LIVING Starring Bill Nighy, Aimee Lou Wood, Alex Sharp, Tom Burke
Do you remember the movie Independence Day? Of course you do. Massive summer blockbuster that launched Will Smith into superstardom, right? Came out just a few years ago?
Fun fact: after this summer, the release of Independence Day will be closer in history to the moon landings than to the present day.
Why did I tell you that? What did you do to deserve that? Well besides making you feel old (I know I do), it’s just an interesting exercise in realizing how quickly time seems to move, how fast life marches onward, whether we like it or not. I can still remember getting the VHS for Christmas from my grandma that year; that movie is now halfway to a midlife crisis. If you have kids, you’re probably hit with this realization often. One moment you’re holding them in your arms for the first time, the next they’re in junior high and rebelling against you. Although life can crawl at times, it often zooms past us before we know it, and we’re left getting the early bird dinner special so we can get home in time to watch Wheel of Fortune at 6:30.
It’s this painful realization that Rodney Williams (Bill Nighy) faces in Living, an English remake of the venerable Akira Kurosawa film Ikiru (which is in itself an adaptation of the Leo Tolstoy story The Death of Ivan Ilych). Set in the 1950’s, the film revolves around Williams, a stereotypical bureaucrat in the Public Works department who doesn’t seem very interested in putting forth effort. Various ideas and proposals come through his desk, which he quickly dismisses to other departments, saying it’s their responsibility. Should these proposals come back to him, he adds them to a pile that never quite seems to shrink. He’s lived most of his life doing this, it seems, until he forces himself to re-evaluate his life after his doctor gives him a terminal diagnosis.
It’s a painful topic, one that many are hesitant to approach, but it’s one that we must all inevitably face; as time inevitably moves forward, we go from being the bright future of the world to its soon-to-be forgotten history. As Rodney contemplates how quickly his life has passed him by, he contrasts his approach with that of Margaret Harris (Aimee Lou Wood in an excellent performance), a vivid young lady who’s worked in his department for a year and a half but is about to embark on a new career. Although he doesn’t initially show it, Rodney is envious of Margaret’s joyful disposition, her efforts to be cheerful in an otherwise drab environment. Faced with limited time, he seeks to do some good with the limited resources he has left.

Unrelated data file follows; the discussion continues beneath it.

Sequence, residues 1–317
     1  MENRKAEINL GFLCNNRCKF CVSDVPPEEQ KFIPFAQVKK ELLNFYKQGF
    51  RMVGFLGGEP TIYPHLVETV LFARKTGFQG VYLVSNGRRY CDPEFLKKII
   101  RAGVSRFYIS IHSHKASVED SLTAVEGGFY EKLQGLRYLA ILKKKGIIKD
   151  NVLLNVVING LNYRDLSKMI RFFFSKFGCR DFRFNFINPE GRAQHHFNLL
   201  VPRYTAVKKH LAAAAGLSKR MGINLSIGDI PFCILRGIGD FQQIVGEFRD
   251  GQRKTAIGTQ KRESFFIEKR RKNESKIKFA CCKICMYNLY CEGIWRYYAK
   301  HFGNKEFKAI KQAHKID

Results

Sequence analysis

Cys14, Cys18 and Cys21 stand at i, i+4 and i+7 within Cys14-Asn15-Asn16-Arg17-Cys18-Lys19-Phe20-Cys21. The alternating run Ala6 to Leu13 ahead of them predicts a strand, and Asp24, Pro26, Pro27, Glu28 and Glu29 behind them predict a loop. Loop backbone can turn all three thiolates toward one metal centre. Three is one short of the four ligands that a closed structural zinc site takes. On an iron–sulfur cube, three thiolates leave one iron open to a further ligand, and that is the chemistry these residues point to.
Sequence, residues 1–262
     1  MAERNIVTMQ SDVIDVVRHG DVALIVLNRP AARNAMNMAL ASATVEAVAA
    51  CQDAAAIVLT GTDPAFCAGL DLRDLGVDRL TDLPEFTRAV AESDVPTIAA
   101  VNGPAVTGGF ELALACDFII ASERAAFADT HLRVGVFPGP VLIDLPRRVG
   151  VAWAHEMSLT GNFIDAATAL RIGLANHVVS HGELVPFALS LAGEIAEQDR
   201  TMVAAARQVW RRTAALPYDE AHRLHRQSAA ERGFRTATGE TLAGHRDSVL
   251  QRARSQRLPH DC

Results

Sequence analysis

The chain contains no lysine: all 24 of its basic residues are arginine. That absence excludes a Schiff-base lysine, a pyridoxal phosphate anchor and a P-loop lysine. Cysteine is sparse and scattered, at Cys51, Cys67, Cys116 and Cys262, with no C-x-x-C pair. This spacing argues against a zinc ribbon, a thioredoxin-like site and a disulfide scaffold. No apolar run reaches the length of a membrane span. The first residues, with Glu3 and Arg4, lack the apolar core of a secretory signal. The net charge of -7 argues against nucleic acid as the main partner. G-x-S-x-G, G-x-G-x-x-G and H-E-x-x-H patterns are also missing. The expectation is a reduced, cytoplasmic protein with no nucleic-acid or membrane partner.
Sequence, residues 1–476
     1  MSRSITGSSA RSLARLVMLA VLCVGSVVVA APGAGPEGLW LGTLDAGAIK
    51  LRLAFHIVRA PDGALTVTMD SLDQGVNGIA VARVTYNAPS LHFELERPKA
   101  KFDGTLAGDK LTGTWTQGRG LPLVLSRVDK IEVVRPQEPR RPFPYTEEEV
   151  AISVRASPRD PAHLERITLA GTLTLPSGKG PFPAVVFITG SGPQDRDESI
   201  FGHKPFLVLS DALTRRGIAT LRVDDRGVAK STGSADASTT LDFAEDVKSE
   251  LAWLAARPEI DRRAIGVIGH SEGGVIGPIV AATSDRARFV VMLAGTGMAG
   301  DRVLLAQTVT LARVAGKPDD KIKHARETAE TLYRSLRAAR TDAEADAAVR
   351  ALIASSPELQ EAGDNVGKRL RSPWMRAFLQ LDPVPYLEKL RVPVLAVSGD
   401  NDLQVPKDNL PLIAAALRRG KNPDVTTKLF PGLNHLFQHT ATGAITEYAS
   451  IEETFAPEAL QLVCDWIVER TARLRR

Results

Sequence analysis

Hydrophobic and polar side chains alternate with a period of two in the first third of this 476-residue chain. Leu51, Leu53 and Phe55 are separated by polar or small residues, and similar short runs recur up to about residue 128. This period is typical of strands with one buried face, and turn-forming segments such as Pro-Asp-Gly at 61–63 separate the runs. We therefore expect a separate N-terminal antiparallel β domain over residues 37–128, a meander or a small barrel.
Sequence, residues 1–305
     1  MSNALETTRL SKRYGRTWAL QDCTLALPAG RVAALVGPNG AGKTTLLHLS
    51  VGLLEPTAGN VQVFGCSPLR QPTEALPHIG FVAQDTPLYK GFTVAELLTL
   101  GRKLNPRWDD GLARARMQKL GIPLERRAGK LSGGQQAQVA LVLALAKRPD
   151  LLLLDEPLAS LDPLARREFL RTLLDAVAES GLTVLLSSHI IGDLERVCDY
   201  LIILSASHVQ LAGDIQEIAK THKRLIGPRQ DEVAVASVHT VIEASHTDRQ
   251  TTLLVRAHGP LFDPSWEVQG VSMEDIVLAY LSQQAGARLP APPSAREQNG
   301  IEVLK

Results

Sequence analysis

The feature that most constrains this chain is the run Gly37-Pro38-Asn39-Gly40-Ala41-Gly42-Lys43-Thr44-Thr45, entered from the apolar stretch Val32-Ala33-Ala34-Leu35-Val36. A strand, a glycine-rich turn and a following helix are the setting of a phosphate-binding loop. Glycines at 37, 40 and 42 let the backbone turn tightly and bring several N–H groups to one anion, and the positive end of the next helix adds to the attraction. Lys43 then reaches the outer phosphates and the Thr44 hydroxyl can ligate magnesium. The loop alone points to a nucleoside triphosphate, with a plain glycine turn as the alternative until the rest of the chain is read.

Alright, so it’s not the most cheerful movie ever, but it’s certainly a powerful one that can resonate with most people, and much of it has to do with the main character. Nighy, a veteran actor with a fantastic filmography, gives a top-notch performance. His lines are spoken with a slow deliberation, and they’re not always easy to understand, but we can sense his desperation, his dejection, and finally, his acceptance. The cinematography fits the mood of the film well. Shot in a style meant to evoke the 50’s, we are alternated between beautiful shots of youth and exuberance and dreary, aging concrete jungles that slowly trap people there for 50 years.
I watched the film with my buddy Nick, who’d seen Ikiru recently (I’ve seen it, but it’s been many years, and the details are a bit hazy), and he compared the two films rather favorably. He did note the discrepancy in the length of the films (Living is about 40 minutes shorter) perhaps hastened the story a bit, especially in Rodney’s epiphany, which felt a bit rushed. The first third or so of the film has a different feel to it as well from the remainder, as Rodney spends a bit of time cavorting around with a young novelist (Tom Burke) who then disappears completely and is never mentioned again. It felt a bit like a loose end that never got a proper resolution.
There’s a scene towards the end where Rodney’s colleagues, inspired by his efforts, make a vow together to not waste another day, to make sure they spend every day making progress, so as not to let their lives slip by. It’s an admirable goal, and it’d certainly provide for a reasonably optimistic ending if they followed through; unfortunately, shortly thereafter we see them slipping back into their old habits, moving projects around before finally adding them to the pile. It’s a morbid thought, and unfortunately one that happens all too often. But if there’s any hope, it’s that it’s never too late for us to effect change, if not for us, then for those who have yet to become us.